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The ABC's of XML

The Lotus 411 staff

Imagine a conference room occupied by a group of successful business executives who all have a significant contribution to make to a potentially huge business venture but they are restricted by the fact that each executive speaks a different language. Because they are all professionals, they each have their own personal translators, but any efforts at communication still prove to be cumbersome, expensive, and not to mention, frustrating. Nearly the same kind of phenomenon occurs with computer systems in that each system has its own "language." This, of course, makes it very costly and time- consuming to exchange valuable data, but with XML technology, all of these "language" barriers can be eliminated.

What is XML?

XML, which stands for eXtensible Markup Language, is an industry standard way to describe the data used in business applications. It is more robust than HTML (Hypertext Markup Language) and easier to use than SGML (Standardized Generalized Markup Language). The reason XML is so powerful, particularly for e-business applications, is because it can be parsed and understood on a wide variety of platforms, including such diverse devices and systems as Web browsers, PDA's, proprietary clients, and database systems. Since an XML document includes the data and a description of what the data is all about - the metadata - developers can more easily write programs that exchange data between different systems, without having to know anything about either system's proprietary data formats. As a result, developers do not have to write arcane interfaces to even more obscure data sources. They can simply send and receive data in XML format.

What's so good about XML?

XML is simple to use. Because it is a text-based language that people can read and understand, XML is easy to use - which makes it easier to write code that understands data transmitted from a remote source, even when that source is a completely different application.

XML tags are more precise, meaningful, and extensible than HTML tags. Unlike HTML, which simply describes the layout and presentation of text data, XML is a meta language that can be used to describe the data itself. The ability to "describe" the data makes documents much more meaningful to both people and computers. Custom tags and vocabularies can be invented for any purpose and then shared with a community of interest. The custom tags and vocabularies can be defined in special documents called Document Type Definitions (DTDs). A DTD defines the structure of the XML meta language. For example, in a DTD shared by booksellers, the definition might specify that a book list has one or more authors, a price, ISBN number, and so forth.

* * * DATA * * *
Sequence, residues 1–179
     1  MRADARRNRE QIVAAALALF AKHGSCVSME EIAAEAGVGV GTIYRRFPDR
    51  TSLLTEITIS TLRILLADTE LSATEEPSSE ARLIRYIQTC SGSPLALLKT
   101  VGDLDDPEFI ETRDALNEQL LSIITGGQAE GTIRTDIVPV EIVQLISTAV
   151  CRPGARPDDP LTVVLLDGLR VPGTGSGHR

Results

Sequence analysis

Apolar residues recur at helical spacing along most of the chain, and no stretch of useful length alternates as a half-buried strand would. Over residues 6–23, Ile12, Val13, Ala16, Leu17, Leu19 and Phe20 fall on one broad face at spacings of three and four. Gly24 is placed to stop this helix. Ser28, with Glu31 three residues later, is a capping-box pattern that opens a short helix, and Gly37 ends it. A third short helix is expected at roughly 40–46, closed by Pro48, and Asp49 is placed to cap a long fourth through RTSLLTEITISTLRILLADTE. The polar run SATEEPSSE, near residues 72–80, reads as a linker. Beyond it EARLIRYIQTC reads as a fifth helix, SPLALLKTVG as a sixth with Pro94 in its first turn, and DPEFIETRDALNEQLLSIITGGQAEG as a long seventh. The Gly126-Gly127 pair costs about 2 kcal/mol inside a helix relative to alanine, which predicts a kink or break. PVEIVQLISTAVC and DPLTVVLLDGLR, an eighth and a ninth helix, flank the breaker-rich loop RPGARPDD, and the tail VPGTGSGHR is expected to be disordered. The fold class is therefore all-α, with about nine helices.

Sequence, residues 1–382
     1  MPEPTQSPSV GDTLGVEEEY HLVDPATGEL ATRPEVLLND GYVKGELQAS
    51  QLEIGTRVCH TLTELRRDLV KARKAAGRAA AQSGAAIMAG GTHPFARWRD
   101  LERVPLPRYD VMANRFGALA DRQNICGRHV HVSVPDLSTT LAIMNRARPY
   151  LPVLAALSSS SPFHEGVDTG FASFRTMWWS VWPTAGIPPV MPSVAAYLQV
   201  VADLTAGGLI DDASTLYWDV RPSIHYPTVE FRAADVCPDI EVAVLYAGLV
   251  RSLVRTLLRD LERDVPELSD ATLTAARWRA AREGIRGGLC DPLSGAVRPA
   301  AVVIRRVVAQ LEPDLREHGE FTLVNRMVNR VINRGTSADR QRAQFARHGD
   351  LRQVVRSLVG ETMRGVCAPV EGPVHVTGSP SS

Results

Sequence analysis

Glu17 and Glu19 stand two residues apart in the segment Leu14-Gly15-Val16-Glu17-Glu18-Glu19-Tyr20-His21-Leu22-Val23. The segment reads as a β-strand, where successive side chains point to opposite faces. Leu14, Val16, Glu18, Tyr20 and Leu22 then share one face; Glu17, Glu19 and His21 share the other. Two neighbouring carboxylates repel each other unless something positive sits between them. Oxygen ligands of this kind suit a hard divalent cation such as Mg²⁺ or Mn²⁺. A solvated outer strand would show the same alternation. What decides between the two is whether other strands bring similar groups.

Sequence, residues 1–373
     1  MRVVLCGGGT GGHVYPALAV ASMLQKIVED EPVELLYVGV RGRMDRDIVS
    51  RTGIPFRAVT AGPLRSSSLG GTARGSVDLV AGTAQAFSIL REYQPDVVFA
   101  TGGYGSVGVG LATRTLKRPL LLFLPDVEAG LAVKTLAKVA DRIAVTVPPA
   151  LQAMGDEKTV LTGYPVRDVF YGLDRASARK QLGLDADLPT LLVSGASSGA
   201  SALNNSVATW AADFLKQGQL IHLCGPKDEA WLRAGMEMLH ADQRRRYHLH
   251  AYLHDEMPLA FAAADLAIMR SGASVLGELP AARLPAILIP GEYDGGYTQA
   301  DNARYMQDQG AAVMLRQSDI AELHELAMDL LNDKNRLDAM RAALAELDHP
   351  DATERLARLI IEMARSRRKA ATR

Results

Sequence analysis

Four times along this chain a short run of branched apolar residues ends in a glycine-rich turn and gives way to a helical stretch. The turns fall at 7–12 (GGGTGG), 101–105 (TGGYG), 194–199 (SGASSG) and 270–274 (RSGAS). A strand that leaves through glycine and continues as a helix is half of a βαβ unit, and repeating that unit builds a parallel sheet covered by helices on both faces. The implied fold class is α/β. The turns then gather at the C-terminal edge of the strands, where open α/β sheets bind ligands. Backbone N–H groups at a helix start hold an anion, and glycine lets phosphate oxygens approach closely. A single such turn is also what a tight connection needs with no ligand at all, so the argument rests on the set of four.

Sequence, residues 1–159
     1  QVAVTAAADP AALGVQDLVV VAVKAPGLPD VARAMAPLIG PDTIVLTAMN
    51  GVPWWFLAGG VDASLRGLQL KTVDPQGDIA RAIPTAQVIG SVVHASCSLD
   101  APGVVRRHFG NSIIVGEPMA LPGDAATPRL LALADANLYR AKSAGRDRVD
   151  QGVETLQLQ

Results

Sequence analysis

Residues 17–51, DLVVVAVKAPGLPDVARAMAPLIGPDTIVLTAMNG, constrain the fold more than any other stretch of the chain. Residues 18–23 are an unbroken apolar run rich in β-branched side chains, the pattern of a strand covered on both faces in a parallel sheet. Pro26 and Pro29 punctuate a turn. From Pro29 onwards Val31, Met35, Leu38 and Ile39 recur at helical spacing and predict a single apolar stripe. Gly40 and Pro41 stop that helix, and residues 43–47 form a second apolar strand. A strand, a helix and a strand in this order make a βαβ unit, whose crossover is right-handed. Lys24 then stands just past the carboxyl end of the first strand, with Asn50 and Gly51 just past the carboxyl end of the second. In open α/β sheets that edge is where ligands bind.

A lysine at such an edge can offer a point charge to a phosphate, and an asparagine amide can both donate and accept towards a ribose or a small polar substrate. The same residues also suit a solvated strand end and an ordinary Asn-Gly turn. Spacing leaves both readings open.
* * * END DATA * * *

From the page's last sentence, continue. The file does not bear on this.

XML is an enabling language. XML doesn't do much by itself - and that is part of its value. It simply describes data, encapsulating it in a form that servers and other systems can use to distribute the data across servers and platforms. Applications and business logic process the data.

XML is a flexible format, because it separates "data" from "presentation of data." In an XML document, only the data is described; the information used to present the data (text size, color, whether bold or italics, etc.) is created and maintained separately in a stylesheet file.

XML is mature. Whereas the XML specification only dates back to February 1998, the XML technology is based on over two decades of experience with SGML from which XML is derived.

XML is international. XML had built-in support for unicode - an international character-encoding standard that supports all of the world's alphabets - making translation of data into any language simple.

Now that you've learned the ABC's of XML technology, be sure to read next week's Executive Briefing on how XML can work for you and what Lotus is doing to embrace this revolutionary technology wholeheartedly.

The information in this article can be found in the XML Lotus white paper by visiting

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